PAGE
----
Commentary: Give sheriff and DA own medicine By RICK CASEY HOUSTON CHRONICLE
Now it's time for the sheriff who investigated her and the district attorney who prosecuted her to be brought to justice. We can only fantasize.

The sheriff wrote the Texas Medical Board asking for a copy of the anonymous letter for a criminal investigation. Medical Board officials assumed he was investigating the doctor, according to a spokeswoman.

In a letter to him, they said that under the law the letter could not be released except to a law enforcement official “conducting a criminal investigation of a license holder of the TMB.” Nurses are not licensed by the Medical Board.

“It is our understanding that your agency is a bona fide law enforcement agency and is conducting a criminal investigation of a license holder of the TMB,” the letter said, adding, “If we are incorrect in any of these understandings , please advise us immediately.”

Instead of correcting the board's assumptions, the sheriff used the letter to identify the nurse who was over 50 and had been with the hospital since the 1980s. He obtained a search warrant of her computers and found a copy of letter.

He also questioned all the patients to whom the complaint referred.

On June 1 hospital officials abruptly fired Mitchell and Vickilyn Galle, who had admitted to helping draft the complaint.

Ten days later the two women were indicted on charges of felony “misuse of official information,” which carries a sentence of up to 10 years.

Within weeks however, District Attorney Mike Fostel offered a deal: The indictment would be dropped if the women agreed not to sue the county or its hospital.

Smart man, but it didn't work. The nurses filed a federal lawsuit.

But what about the sheriff and the prosecutors, who appear to have engaged in “misuse of official information” to indict two women who were trying to protect patients?

History offers little hope that the state or the bar will hold them accountable.


Wednesday, February 10, 2010

Tobin Hood tax??

As Guambat mentioned in a post last November, world leaders (except in America) were calling for imposition of what was then termed a "Tobin tax".

As explained in the post, the idea was the brainchild of James Tobin, an American economist, Noble Prize winner. He came up with the idea back in the 1970's. He proposed a minuscule tax, at least as measured on a per transaction basis, on currency transfers to discourage purely speculative gambits without interfering with the real business of currency transfers.

The current idea is to attach it to derivatives to discourage the speculative volatility seen in the markets and the speculative bubbles that have predominated in financial instruments of late.

Curiously, we now, suddenly, are seeing it caste as a "Robin Hood tax".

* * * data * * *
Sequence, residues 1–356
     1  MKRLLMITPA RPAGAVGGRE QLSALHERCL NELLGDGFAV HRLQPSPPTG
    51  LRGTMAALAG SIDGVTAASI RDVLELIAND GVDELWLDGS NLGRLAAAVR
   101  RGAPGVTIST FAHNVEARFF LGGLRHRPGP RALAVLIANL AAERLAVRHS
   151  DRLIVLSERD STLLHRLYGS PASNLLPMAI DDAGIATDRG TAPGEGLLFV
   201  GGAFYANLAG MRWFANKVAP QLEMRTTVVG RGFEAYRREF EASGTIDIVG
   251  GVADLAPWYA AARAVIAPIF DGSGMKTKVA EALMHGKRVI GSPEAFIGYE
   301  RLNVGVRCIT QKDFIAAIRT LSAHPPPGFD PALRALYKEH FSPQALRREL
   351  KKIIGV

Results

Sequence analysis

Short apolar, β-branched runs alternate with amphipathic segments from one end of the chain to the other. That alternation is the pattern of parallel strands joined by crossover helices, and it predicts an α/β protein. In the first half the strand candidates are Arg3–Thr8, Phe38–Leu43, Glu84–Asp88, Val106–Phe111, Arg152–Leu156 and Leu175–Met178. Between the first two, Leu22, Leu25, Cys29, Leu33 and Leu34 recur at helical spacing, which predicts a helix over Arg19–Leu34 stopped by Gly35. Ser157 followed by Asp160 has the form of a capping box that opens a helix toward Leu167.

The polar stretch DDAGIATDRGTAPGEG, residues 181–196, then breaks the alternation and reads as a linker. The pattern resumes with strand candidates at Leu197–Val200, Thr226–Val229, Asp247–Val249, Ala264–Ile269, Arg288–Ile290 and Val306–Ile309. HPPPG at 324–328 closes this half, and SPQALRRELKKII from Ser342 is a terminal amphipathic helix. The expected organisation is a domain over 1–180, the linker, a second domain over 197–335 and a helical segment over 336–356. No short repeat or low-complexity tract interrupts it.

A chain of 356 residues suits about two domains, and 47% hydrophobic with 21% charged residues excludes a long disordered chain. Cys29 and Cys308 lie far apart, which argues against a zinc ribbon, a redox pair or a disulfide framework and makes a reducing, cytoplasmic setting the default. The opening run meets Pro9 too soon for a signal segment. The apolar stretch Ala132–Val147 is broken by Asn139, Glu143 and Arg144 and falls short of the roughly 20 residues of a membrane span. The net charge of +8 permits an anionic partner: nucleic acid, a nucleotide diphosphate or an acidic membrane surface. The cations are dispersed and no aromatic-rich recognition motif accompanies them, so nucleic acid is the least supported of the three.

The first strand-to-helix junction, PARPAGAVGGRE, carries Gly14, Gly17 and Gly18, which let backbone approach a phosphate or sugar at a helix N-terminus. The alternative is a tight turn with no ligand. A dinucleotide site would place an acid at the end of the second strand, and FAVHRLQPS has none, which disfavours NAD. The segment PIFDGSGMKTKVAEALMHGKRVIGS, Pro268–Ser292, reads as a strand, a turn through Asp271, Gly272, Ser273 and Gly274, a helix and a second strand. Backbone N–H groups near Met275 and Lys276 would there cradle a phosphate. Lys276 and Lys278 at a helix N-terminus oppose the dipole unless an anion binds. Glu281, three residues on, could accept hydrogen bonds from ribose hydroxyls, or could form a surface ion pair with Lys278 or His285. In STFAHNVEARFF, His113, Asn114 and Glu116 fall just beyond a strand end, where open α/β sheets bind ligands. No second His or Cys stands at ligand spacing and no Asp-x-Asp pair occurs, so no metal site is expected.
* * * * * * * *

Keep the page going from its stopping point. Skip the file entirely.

Robin Hood banking tax 'would raise billions'
Last month, the World Economic Foundation gave its backing to a levy on financial institutions that would be used to help bail out banks in any future crisis. The call was backed by politicians and the International Monetary Fund (IMF) at its gathering in Davos.

Meanwhile, the European Union has been calling on the IMF to back the plans for a so-called "Tobin Tax" on international transactions.

The tax, named after the Nobel Prize-winning economist James Tobin, was originally designed to raise funds for developing nations, but many supporters now say it is one way to ensure that banks do not take excessive risks that could trigger another financial crisis.

Under the Robin Hood Tax plan, the tax would not be levied on banks' transactions with their high street customers.
The outcome of a debate is all about how you frame it. Curiously, the people framing the debate as a Robin Hood matter are not people opposed to the idea. Guambat says "curiously" because he is certain that anything as populist sounding as a Robin Hood anything is bound for derision.

It appears the Robin Hood proponents are all from the lands of the Sheriff of Nottingham:
A coalition of charities, unions and aid agencies have called on the UK's political parties to support a global "Robin Hood tax" on financial transactions that could raise up to £250bn every year to fight poverty, protect public services and tackle climate change.
Guambat reckons they ought better be advised.

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Saturday, February 06, 2010

earning big money in the private sector

Perhaps taking a page out of the Australian Wheat Board's book (and whatever became of that?), Scott Anthony Walker, a 36 year old ex-Australian Army soldier, has been jailed for nine months in the US for his role in a $US900,000 Afghanistan security contract kickback scandal.

Walker took a job as security co-ordinator in Kabul with engineering companies Louis Berger Group and Black & Veatch.

The companies, as a joint venture, won a $US1.4 billion ($A1.62 billion) US government contract and Walker used his position on a committee to attempt to solicit $US900,000 in kickbacks from private security vendors seeking subcontracts.

After leaving the Australian Army, Walker was lured to Afghanistan by the prospect of earning big money in the private sector.

The bloke should have stayed in Australia: AUSTRALIANS' individual wealth rose by an average of more than $10,000 in the last three months of 2009, data from the Reserve Bank revealed on the same day as the share market took its worst plunge in nine months.

And the bloke definitely should have gone into banking, instead:

Goldman Chief Gets Bonus of Only $9 Million in Record Year
The award is well below the $68 million bonus Mr. Blankfein received in 2007, even though 2009 was a record year for the Wall Street bank.

Guambat will lie awake tonight in his burrow fantasizing what it must be like to make $750.000.00 PER MONTH. In a bad year!

Commentary: J.P. Morgan's bonus is low by Wall Street standards
Jamie Dimon's paycheck may be the biggest blow to Wall Street reform this year.

The chairman and chief executive of J.P. Morgan Chase & Co. was awarded a $17 million bonus